Farmhouse Wall Shelf Tutorial
f you’ve been following the blog you know that last week (several weeks ago now .. ooops) I completed my shiplap wall to create a focal point for our electric fireplace and to give it a built in feel. If you’re new to the blog you can find that POST HERE with a complete tutorial on how to create one yourself on a budget. Once my focal point was created (and I’m in love with how it came out!) it was time to focus on filling out the wall. I have had this idea for quite some time and though it wasn’t a hard task but I have been slow on it’s execution because I wanted the center focal point done first. Doing the center first allows me to work out from that focal point, centering my shelves accordingly so they complement the new shiplap without taking away from it.
Things you’ll need for this project: (I am giving sizes based on how I made mine however these pieces are available in various sizes so you can customize to your specific goals and needs.)
BLACK CAST PIPE FITTING, NIPPLE, 3/4″ X 12-INCH LENGTH, 10-PACK
LDR 310 CA-34 CAP, BLACK, 3/4-INCH
BLACK FLOOR FLANGE PIPE FITTING, 3/4 INCH, 10 PACK
laser level (useful but optional)
2×12 cut to fit the width of your shelves, I cut mine to 32″ (or whatever size you prefer) Be sure your wood is NOT warped!
SELF DRILLING DRYWALL / HOLLOW-WALL ANCHOR KIT WITH SCREWS, 100 PIECES ALL TOGETHER, KIT INCLUDES 2 DIFFERENT SIZES, LARGE AND SMALL ANCHORS (PLASTIC)
Paint (optional )
Step One A
If you want to paint your pipe, flange and cap do so the night before you start so it’s dry and ready to go. I wanted a rustic look so I left mine raw. Any spray paint intended for metal will work on these, so if your desire is for a painted look go for it.
Step One B
Do not pre-assemble your shelf bracket pieces aka pipe, nipple and flange. It’s much easier to assemble them after the flanges are attached to the wall. First determine how you want your shelves spaced and the locations for each assembled nipple pipe bracket. Locate studs using your stud finder and see if they are in alignment with the spacing you have selected for your shelf nipple brackets. If you happen to have a stud in the location where one of the flange parts will mount to the wall then use it. On my wall I ended up with one stud available per shelf, you’ll be using the wall anchor kit to anchor the flanges to the wall where there are no studs available. (*Just an fyi once you find a stud they are typically 16″ or 24″ apart center to center. Most construction is 16″ apart on all exterior walls, closets and such tend to go the 24″ span. )
Deciding spacing for the shelving is pretty much open to how you want them to look. You could stagger them, line them up as exact matches (this is what I did) or create unique spacing between each open shelf area based on what you plan to display on the shelves. For my purposes I measured out 8″ from each side of where my shiplap framing stopped and marked that for my first flange set. I had a stud 8″ out on both sides of my shiplap framing so I just screwed my first flange directly into the stud at 8″. If you don’t have a stud in your location you’ll want to use a wall anchor, just mark a circle inside your flange screw hole and screw the anchor in there. (why do I have a million that’s what she said jokes spinning through my brain while I’m tying this?)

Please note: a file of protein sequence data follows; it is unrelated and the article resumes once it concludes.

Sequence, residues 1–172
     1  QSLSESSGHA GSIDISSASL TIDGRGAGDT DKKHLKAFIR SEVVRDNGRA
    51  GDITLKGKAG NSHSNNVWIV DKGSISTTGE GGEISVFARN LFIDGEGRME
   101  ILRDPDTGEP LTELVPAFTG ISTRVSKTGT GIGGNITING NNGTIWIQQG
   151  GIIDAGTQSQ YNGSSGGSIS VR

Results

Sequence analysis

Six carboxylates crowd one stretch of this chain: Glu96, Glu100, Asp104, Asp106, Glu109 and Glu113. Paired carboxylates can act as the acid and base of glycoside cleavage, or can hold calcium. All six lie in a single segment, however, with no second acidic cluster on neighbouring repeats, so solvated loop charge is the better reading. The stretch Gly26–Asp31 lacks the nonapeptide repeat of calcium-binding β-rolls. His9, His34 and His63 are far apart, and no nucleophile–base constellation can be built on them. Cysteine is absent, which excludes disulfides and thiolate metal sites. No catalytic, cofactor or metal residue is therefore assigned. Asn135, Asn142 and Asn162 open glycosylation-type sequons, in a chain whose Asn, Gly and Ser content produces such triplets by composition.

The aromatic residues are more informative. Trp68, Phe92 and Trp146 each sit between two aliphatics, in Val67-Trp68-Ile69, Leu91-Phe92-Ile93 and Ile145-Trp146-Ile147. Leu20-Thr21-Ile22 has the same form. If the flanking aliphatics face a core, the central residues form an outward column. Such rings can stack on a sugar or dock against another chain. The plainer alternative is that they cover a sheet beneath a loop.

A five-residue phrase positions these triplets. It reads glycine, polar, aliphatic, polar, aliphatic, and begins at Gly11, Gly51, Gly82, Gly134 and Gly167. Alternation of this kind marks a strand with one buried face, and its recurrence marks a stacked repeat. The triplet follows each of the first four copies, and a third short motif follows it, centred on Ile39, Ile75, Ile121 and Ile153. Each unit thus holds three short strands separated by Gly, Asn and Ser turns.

Step Two Adding in second flange
Measure over to where the next flange will go and put a tiny mark on your wall noting the distance. Note: Measuring for my shelves I decided I wanted a 4″ shelf overhang on each side of my pipe so I spaced my flanges at 23″ apart. (that measurement is center screw to center screw on the flange, remember that the nipple pipe goes in the center of that flange so be sure to measure from the center screw once you have your first one wall mounted into your stud or wall anchor. Now that you’ve measured over to your tiny mark you’ll take your level and second shelf flange and use both to determine the height of where your second flange will go, move it up or down (while keeping the center screw hole even with your 23″ mark) the wall until you see the level is perfectly straight across, once you find that sweet spot go ahead and drill into your stud or wall anchor. (this is actually a spaced photo from my family room to show the step because I forgot the capture it on this project, family room project will be blogged soon!)
Finishing up the job
Now that you have one shelf in you’ll repeat these steps until all your shelves are hung. Note: My shiplap framing was perfectly level so measuring over 8″ from the edge of my framing gave me perfectly even shelving on both sides. If you live in and older home or your start measure point isn’t even then investing in a laser level might be useful to you. I have this one and I love it for all sorts of projects.
Stain paint and details
It’s up to you how you decide to put the finishing touches on your shelves. I started with pine raw 2×12 and stained mine a dark walnut before painting white and heavily distressing. Again I was going for a coastal farmhouse vintage rustic look. Be bold, make a statement and don’t be afraid to pull in color, sheen or whatever element suits your decorating style.
Now you can assemble all the pipes with the caps and screw into the flanges on the wall. Then simply set your finished wood on top. Note: you can adjust the end caps to fit the shelf correctly and tightly by screwing them in until the shelf is snug.
Here are my finished shelves on either side of my shiplap / fireplace focal point. I love how this project turned out!
Next up on the blog…. An inspirational and beautiful painting for over the mantel.
xoxo Momma Bean
Your home should welcome you in, wrap you in loving light and be a place of peace, safety and nurturing. If HOME doesn’t represent that it’s time for change.
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